It is all too easy to skip some of the commissioning steps to make up time and to jump directly to the verification of the overall process, without verifying the performance of the individual components and sub-systems. As with other quality checks, the quality criteria should be defined and documented before the start of the shutdown.

To manage this process, a risk-based commissioning plan should be agreed upon at the start of the shutdown. Deviations to this plan should be very carefully monitored for risks to the overall quality.

Making quality visible in shutdowns

Making quality visible to the decision-makers during a shutdown is not easy. Here are some recommendations:

  • Measure and track the preparation for the shutdown to the quality of the inputs: ie the people, the tools, the contractors, and the other resources that are to be used.
  • Develop quality control plans and commissioning plans and have them approved by a competent authority.
  • Measure and track leading quality indicators like inspection success rate, and report and analyse these at all shutdown control meetings.
  • Include an evaluation of the effect on quality in all critical shutdown management decisions. This should, if at all possible, be quantitative and based on statistical projections and make financial projections for each possible option. While this is not easy, it forces the discipline of quantifying the effect of poor quality – even if the statistical confidence level is low.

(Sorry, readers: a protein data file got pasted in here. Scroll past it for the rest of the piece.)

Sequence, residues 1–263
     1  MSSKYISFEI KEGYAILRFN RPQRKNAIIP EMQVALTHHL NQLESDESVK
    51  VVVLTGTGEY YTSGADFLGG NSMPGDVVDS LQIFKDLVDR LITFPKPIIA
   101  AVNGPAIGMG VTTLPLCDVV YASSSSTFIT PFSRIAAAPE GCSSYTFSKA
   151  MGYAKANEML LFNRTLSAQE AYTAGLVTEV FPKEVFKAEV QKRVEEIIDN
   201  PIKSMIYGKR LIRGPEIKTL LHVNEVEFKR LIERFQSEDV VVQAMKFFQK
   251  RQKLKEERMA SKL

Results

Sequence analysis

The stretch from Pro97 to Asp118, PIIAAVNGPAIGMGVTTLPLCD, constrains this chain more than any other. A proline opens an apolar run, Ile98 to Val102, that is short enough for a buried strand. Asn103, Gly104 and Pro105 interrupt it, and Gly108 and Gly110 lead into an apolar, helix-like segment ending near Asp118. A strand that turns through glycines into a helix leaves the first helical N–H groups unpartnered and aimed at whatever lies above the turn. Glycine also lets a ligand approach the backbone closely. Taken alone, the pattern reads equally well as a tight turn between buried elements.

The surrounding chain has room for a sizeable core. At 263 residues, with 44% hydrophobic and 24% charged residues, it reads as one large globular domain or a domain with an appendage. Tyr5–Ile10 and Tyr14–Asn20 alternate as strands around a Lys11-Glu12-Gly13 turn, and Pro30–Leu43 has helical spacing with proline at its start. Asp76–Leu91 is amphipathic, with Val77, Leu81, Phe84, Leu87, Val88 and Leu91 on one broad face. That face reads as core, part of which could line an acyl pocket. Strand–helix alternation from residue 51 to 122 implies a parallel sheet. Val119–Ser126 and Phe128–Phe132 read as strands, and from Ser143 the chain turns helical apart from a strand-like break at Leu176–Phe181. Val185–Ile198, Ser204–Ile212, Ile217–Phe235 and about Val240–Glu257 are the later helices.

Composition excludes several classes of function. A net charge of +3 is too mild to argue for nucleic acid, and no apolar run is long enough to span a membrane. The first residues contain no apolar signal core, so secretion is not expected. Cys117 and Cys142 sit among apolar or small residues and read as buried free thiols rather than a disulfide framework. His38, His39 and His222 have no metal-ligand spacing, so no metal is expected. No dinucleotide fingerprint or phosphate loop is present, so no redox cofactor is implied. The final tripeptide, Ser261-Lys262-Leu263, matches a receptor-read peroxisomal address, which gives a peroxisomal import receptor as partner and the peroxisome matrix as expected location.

The quality objective is indeed often “invisible” and is not part of decision-making during a shutdown. The consequences of this can be significant, especially if it involves a breakdown after the plant has been put back into service. It is, for this reason, we need to pay special attention to our quality management processes. In particular:

  • Quality needs to be planned into the shutdown by making sure that all the inputs and resources used in the shutdown are competent and/or fit for purpose.
  • If at all possible, the quality inspection team should be independent of the execution team and report directly to the shutdown manager.
  • Inspection and test plans need to be defined before the start of a shutdown. These should be risk-based, focusing on the critical equipment and tasks and allowing for the effective use of inspection staff.
  • Commissioning should be executed thoroughly, as this is the final quality check on the work.

Every shutdown team should make quality a part of the decision-making at all stages of the shutdown project.  Often, in the rush to get a plant back online, it is all too easy to let the other objectives dominate, potentially resulting in significant consequences at a later stage.